We've already tested the budget £475 LG 42PW450T, but this much pricier model has a superior spec with a Full HD 1920 x 1080 resolution, for starters, and passive-3D capability (a technology which LG insists is superior to the active-shutter system its 42PW450T utilises).
When we tested the 3D 47in 650T variant in our May 2011 issue, we found it to be hugely competent – if subject to dizzying price variations. Pricing on the 42LW650T seems a bit more stable.
It’s certainly an attractive enough showroom proposition, slim and, thanks to that narrow-ish bezel, vaguely stylish.
Seven pairs of 3D glasses in the boxSpecification (including LED backlighting, Freeview HD reception, wi-fi via a dongle and online services like iPlayer, AceTrax, YouTube and what-have-you) is right on the money. And the LG scores heavily with its seven bundled pairs of 3D glasses.
As with the cheaper LG 42PW450T, the 650T’s logical on-screen menus and remote make set-up a doddle. Pictures from the Freeview HD tuner are nicely judged, with a neutral, undemonstrative colour palette complemented by great high-contrast work and convincing textures.
More after the break
Motion-handling is of the ‘very good’ rather than ‘class-leading’ variety, and images could conceivably carry more fine detail, but the overall fidelity and nuance of pictures is pleasing.
Given a DVD of The Two Jakes to upscale, the 650T minimises picture noise, maximises the available detail and colours images as pleasingly as via its TV tuner.
Resolute motion trackingThere’s a hint of restlessness about edges in the most complicated scenes, and black tones can be depthless, but motion-tracking is resolute and white tones are bright and clean.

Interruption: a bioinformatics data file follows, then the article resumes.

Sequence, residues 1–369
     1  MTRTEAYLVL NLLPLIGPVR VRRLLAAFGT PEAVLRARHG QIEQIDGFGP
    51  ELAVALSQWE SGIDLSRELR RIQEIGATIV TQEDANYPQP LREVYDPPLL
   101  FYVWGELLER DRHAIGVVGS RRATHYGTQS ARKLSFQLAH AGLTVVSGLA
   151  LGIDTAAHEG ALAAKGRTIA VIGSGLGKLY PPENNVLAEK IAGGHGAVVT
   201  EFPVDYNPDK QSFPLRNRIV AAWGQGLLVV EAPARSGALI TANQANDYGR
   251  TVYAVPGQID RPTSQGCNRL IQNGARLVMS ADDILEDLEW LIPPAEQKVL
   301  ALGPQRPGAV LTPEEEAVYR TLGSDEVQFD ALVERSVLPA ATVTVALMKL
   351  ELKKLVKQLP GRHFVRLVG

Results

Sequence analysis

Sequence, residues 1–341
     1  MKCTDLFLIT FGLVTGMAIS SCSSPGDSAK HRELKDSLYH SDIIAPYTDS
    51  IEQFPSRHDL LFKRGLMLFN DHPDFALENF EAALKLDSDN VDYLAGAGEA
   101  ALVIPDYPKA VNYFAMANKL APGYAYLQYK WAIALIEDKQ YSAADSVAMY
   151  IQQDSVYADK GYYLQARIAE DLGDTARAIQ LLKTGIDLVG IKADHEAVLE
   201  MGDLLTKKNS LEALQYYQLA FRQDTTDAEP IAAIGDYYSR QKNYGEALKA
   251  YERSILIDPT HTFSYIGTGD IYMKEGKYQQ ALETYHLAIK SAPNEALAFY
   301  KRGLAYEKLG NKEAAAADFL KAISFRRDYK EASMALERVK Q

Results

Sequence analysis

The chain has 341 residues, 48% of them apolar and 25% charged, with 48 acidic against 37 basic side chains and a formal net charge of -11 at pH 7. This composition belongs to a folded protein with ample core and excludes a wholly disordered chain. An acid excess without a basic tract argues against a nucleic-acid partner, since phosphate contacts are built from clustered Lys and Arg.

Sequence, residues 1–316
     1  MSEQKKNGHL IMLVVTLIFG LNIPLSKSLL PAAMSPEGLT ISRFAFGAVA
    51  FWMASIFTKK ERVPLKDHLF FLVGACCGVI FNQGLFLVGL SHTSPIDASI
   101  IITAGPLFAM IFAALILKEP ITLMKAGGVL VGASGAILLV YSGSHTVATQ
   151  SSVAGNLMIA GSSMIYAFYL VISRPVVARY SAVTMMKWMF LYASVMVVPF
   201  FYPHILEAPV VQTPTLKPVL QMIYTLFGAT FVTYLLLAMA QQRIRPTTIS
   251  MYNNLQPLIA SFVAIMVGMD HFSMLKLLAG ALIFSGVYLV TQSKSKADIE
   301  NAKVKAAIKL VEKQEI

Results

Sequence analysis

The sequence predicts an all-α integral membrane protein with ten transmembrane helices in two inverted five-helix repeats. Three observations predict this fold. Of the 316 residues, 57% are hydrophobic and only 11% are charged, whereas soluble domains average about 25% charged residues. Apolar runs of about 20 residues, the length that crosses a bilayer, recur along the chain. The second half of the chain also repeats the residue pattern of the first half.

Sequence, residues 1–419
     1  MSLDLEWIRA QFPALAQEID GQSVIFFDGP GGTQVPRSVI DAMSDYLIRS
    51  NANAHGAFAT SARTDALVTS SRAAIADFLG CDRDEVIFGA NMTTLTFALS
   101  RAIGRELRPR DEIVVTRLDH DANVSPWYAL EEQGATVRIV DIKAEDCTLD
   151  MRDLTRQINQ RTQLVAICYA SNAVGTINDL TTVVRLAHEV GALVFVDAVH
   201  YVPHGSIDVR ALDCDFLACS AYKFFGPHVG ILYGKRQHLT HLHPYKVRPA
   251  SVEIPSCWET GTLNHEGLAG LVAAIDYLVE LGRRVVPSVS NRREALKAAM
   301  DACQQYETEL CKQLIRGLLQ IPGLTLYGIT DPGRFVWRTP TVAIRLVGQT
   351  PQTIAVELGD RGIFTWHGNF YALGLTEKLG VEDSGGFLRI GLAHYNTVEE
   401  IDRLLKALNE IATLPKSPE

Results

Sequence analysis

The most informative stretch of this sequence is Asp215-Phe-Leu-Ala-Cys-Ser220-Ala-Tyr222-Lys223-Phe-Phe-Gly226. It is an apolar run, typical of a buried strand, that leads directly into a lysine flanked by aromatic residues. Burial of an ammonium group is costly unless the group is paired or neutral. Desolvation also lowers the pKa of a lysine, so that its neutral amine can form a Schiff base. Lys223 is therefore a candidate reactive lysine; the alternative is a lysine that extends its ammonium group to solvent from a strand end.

‘Bright and clean’ will do just as well to describe 2D Blu-ray pictures. Contrasts are stark, skin-tones and textures natural and black shades gain a fistful of information over their DVD-derived counterparts.
Edges are smooth and calm, and even the most complex patterns are described confidently.
Switch to some 3D content and the LG excels. First of all, it’s a much less solitary experience when you’ve six other pairs of glasses to share out, and the 650T is a bright, stable and eminently watchable 3D set.
Light, comfortable glassesThe glasses are light and, consequently, comfortable – and the 650 takes longer than any other TV in this test to provoke any watcher fatigue.
The 3D effect itself is immersive, though the relative lack of resolution (a passive system divides the full resolution between each eye, whereas an active system delivers all information to both eyes) can be betrayed in the most difficult scenes as a suggestion of shimmer and/or dot-crawl.
Add to this bravura performance a sound that by its sheer inoffensiveness is among the best in the test and it’s obvious the 42LW650T is every bit as compelling a proposition as its 47in colleague. This set has five stars written all over it.